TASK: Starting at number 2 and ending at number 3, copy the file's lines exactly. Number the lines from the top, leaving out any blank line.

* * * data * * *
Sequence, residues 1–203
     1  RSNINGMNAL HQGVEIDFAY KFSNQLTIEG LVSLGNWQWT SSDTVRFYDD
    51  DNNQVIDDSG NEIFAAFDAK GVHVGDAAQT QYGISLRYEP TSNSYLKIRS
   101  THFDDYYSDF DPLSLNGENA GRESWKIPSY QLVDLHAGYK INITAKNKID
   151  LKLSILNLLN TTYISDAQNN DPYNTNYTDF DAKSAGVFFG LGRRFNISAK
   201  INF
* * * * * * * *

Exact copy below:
     1  RSNINGMNAL HQGVEIDFAY KFSNQLTIEG LVSLGNWQWT SSDTVRFYDD
    51  DNNQVIDDSG NEIFAAFDAK GVHVGDAAQT QYGISLRYEP TSNSYLKIRS